On Friday, the company Novavax filed data with the Food and Drug Administration in a bid for emergency authorization for their COVID vaccine. The European Union and the World Health Organization have both granted the emergency authorization for a vaccine that uses “recombinant nanoparticle protein-based COVID-19 vaccine with Matrix-M adjuvant.” Learn more in their press release.
Today’s snow has closed the Blue Ridge Health Department as well as the Community Vaccination Center.
Charlottesville City Hall remains open, as does the Albemarle county office building. However, people are urged to phone first before traveling there. The Albemarle County Fire and Rescue Department and Police Department are urging people to stay home. (Edit: City Hall announced its closure shortly after publication)
As of this recording, Dominion Energy reports about a third of its customers in Charlottesville are without power and about half of customers in Albemarle are also without power. Stay up to date with their outage map.
Fatal crash on Fifth Street extended
A crash in the 900 block of Fifth Street Extended late Saturday night has killed a Richmond woman, according to a report from CBS19 News. That’s prompted the group Livable Cville to call on Charlottesville City Hall to move forward with planned solutions. A series of fatalities in 2020 led to a petition drive that led to a conversation on City Council that November of that year at which traffic engineer Brennan Duncan offered several recommendations including lowering the speed limit. Livable Cities wants to know why none of them have been implemented.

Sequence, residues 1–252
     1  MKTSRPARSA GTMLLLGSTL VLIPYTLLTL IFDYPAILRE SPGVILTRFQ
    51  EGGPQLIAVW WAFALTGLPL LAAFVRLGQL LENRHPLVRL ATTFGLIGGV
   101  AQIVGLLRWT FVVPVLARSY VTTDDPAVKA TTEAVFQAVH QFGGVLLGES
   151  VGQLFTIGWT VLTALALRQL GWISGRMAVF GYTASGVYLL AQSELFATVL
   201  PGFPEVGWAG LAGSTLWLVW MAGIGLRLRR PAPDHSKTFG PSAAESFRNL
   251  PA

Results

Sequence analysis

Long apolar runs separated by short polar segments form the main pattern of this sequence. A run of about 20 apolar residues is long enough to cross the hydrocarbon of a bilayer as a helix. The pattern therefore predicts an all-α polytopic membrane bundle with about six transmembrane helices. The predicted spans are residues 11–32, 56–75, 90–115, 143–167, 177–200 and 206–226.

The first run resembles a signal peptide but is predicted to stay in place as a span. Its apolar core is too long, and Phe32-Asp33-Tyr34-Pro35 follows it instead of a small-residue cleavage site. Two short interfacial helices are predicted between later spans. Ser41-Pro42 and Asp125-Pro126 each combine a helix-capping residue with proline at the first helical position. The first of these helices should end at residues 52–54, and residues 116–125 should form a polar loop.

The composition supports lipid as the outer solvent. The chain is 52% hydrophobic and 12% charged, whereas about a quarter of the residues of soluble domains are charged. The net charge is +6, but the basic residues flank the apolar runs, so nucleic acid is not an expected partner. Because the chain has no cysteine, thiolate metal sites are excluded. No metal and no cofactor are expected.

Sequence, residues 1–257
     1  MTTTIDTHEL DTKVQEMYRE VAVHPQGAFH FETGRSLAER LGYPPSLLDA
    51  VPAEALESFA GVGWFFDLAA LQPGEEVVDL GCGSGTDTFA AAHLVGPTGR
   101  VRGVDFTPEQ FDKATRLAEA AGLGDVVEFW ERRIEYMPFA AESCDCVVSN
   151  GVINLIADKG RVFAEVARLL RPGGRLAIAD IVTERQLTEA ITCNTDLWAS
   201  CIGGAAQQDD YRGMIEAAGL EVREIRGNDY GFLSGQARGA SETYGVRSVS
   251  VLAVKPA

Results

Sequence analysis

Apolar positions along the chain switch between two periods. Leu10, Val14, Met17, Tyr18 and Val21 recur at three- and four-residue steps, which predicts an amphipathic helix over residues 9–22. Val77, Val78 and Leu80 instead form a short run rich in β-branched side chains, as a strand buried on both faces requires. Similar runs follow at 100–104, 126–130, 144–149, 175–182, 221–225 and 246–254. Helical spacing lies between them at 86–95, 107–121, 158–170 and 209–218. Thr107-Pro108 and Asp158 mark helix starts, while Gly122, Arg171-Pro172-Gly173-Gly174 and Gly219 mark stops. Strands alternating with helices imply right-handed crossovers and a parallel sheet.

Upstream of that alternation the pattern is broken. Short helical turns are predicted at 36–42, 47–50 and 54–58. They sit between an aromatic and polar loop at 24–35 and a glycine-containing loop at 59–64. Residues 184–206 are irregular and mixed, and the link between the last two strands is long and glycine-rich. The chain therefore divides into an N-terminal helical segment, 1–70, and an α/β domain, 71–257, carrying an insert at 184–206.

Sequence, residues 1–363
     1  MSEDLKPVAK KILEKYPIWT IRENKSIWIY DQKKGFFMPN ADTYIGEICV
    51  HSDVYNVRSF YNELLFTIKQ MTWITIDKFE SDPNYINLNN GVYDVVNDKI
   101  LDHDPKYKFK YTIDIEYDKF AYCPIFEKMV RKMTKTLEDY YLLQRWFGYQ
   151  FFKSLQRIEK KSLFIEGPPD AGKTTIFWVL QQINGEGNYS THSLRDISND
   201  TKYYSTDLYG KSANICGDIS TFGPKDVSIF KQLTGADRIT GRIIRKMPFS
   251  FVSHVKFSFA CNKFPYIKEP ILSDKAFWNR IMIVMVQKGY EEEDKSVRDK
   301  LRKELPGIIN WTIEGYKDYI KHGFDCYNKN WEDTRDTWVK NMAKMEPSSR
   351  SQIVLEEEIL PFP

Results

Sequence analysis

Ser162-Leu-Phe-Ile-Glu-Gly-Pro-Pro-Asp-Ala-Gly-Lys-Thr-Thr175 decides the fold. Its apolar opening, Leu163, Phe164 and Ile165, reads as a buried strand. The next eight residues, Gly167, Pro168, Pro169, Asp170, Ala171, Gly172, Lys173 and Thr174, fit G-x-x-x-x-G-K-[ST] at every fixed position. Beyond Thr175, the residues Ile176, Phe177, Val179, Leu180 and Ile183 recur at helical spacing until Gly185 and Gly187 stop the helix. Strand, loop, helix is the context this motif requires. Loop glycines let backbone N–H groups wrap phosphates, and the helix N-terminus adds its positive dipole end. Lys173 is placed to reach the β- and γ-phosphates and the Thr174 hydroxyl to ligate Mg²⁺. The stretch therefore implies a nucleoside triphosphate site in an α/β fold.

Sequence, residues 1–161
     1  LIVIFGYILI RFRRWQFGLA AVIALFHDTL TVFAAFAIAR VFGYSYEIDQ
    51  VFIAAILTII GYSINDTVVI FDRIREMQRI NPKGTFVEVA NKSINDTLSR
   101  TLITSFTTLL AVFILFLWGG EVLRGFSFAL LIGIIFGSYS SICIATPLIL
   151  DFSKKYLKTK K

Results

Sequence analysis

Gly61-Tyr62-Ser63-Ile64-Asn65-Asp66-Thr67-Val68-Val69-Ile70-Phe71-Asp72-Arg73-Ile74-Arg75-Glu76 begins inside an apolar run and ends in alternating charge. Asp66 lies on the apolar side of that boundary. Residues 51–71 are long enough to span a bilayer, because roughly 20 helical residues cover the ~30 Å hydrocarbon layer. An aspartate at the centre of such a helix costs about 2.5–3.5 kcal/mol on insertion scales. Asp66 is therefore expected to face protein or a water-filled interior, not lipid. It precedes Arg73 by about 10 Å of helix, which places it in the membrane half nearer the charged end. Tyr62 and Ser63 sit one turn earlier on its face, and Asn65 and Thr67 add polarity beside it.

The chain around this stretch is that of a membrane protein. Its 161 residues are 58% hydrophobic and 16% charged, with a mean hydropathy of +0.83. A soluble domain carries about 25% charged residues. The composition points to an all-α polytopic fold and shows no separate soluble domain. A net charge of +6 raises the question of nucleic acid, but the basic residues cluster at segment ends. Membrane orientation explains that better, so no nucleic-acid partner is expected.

A useful resource is a map provided by the Virginia Department of Transportation that provides information on all crashes in the Commonwealth. Here are some of the fatalities in the data: (access the map)
One person was killed and another was injured on November 22, 2016 at the intersection of Harris Road and Fifth Street Extended in an angle collision involving three vehicles. Alcohol and speed were involved in the daytime crash.
Another crash at that intersection on July 18, 2020 killed another person and injured a second in an angle collision between two vehicles that took place in the daytime. Alcohol and speed were involved in the crash.